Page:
Context and culture matter. In research presented in 2007 at the annual meeting of the International Congress of Phonetic Sciences, scientists analyzed a database of phone calls in Arabic, English, German, Japanese, Mandarin and Spanish. They found that Japanese speakers had more "turn-taking overlaps," or short interruptions made when one speaker starts talking before another finishes. This may be an attempt at consideration rather than rudeness, the researchers wrote in their research abstract; overlapping someone in an affirmative way can indicate that the listener is engaged, for example. Among English-language speakers, both men and women interrupted women more than either gender interrupted men, that study found. People also interrupted close friends or family more than they interrupted strangers.
Another study published in 1989, this one in the Journal of Nonverbal Behavior, asked a different question: How do people perceive interrupters?
Not very well, it turns out. When people listened to conversations in which a speaker interrupted another speaker, the listeners rated the interrupter as less sociable and more assertive. Male and female interrupters were judged with equal negativity, the researchers found. However, there was a gendered component to the impressions, as interrupters were seen as more masculine than those who did not interrupt, regardless of their actual gender.
Interruption didn't serve Democratic vice presidential nominee Tim Kaine well during Tuesday night's debate with Republican Mike Pence. Kaine interrupted Pence 70 times by ABC News' count and later told a crowd in Philadelphia that his own wife "dinged" him a little bit for butting in too often.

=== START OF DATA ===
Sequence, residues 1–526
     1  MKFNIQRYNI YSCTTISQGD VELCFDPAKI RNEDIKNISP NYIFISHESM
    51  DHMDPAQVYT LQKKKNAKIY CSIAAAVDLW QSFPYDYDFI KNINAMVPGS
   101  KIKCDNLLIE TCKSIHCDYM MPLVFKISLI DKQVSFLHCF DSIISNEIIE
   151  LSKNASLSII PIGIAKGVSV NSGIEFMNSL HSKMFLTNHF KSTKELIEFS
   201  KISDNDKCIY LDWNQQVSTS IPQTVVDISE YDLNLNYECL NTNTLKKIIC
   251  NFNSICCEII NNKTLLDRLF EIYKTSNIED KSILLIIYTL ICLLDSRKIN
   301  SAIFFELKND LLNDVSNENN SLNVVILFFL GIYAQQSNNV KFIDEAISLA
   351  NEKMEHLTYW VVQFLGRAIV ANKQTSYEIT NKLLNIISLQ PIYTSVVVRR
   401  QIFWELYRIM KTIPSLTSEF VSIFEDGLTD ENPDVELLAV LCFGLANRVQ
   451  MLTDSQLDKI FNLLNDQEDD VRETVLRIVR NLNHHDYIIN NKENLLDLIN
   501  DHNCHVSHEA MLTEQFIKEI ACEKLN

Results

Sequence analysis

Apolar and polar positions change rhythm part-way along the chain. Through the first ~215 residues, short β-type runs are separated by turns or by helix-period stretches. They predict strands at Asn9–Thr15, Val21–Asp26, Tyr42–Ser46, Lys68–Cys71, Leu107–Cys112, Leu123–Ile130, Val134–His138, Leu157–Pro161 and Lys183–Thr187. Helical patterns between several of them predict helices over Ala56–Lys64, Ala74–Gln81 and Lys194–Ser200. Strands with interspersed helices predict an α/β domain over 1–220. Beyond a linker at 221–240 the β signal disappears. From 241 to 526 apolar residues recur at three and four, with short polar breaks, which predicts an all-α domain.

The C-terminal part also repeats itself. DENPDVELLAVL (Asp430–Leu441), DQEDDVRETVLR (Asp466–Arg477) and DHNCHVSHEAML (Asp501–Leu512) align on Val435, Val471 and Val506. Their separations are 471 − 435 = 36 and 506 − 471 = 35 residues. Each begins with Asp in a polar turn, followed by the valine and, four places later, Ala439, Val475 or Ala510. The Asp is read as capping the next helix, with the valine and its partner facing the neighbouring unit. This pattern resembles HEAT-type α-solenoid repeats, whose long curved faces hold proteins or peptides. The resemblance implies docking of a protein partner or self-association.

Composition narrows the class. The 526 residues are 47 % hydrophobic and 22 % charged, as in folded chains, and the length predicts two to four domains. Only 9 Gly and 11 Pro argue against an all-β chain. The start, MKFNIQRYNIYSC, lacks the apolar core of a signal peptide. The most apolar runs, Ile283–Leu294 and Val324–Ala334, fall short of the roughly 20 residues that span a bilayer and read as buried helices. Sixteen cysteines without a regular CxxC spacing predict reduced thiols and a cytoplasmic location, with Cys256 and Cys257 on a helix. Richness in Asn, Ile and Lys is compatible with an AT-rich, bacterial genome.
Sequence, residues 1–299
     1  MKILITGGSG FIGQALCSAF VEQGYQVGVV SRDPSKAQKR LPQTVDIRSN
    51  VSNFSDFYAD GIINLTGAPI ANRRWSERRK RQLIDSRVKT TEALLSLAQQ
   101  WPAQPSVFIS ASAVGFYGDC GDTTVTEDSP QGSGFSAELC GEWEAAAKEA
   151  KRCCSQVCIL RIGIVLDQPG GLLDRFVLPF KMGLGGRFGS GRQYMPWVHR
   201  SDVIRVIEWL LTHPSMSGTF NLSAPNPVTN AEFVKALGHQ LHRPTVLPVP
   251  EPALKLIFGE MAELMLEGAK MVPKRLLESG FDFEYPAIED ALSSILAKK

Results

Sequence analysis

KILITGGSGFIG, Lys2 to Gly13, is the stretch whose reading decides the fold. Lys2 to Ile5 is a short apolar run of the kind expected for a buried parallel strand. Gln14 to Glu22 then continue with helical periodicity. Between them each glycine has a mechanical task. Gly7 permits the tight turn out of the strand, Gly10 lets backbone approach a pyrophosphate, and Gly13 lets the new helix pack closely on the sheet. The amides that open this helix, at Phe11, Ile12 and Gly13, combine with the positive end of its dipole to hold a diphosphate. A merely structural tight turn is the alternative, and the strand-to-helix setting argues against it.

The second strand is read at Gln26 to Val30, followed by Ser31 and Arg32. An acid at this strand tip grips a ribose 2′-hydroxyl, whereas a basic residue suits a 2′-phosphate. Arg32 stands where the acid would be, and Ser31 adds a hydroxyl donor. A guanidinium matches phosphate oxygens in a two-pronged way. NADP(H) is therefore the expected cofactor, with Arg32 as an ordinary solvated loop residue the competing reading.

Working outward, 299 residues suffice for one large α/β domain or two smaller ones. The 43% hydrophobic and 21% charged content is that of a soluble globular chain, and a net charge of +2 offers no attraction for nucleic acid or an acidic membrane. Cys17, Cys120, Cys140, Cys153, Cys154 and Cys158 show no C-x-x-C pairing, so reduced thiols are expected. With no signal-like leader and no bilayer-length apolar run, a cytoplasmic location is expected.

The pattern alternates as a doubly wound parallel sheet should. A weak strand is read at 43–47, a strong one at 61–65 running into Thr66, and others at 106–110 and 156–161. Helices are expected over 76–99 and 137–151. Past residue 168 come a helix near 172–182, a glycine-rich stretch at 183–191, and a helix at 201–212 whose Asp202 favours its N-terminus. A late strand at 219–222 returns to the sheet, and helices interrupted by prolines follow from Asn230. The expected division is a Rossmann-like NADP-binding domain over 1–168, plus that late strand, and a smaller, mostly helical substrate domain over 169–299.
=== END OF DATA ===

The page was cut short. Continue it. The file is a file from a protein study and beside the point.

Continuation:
Trump's frequent interruptions early in the debate may have given the sense that he controlled the floor, Bucy said, but too many interruptions can tip people's perceptions of a candidate from "assertive" to "aggressive." Had Trump continued to interrupt throughout the entire debate, it probably would have hurt him more, Bucy said.
Original article on Live Science.
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Stephanie Pappas is a contributing writer for Live Science, covering topics ranging from geoscience to archaeology to the human brain and behavior. She was previously a senior writer for Live Science but is now a freelancer based in Denver, Colorado, and regularly contributes to Scientific American and The Monitor, the monthly magazine of the American Psychological Association. Stephanie received a bachelor's degree in psychology from the University of South Carolina and a graduate certificate in science communication from the University of California, Santa Cruz.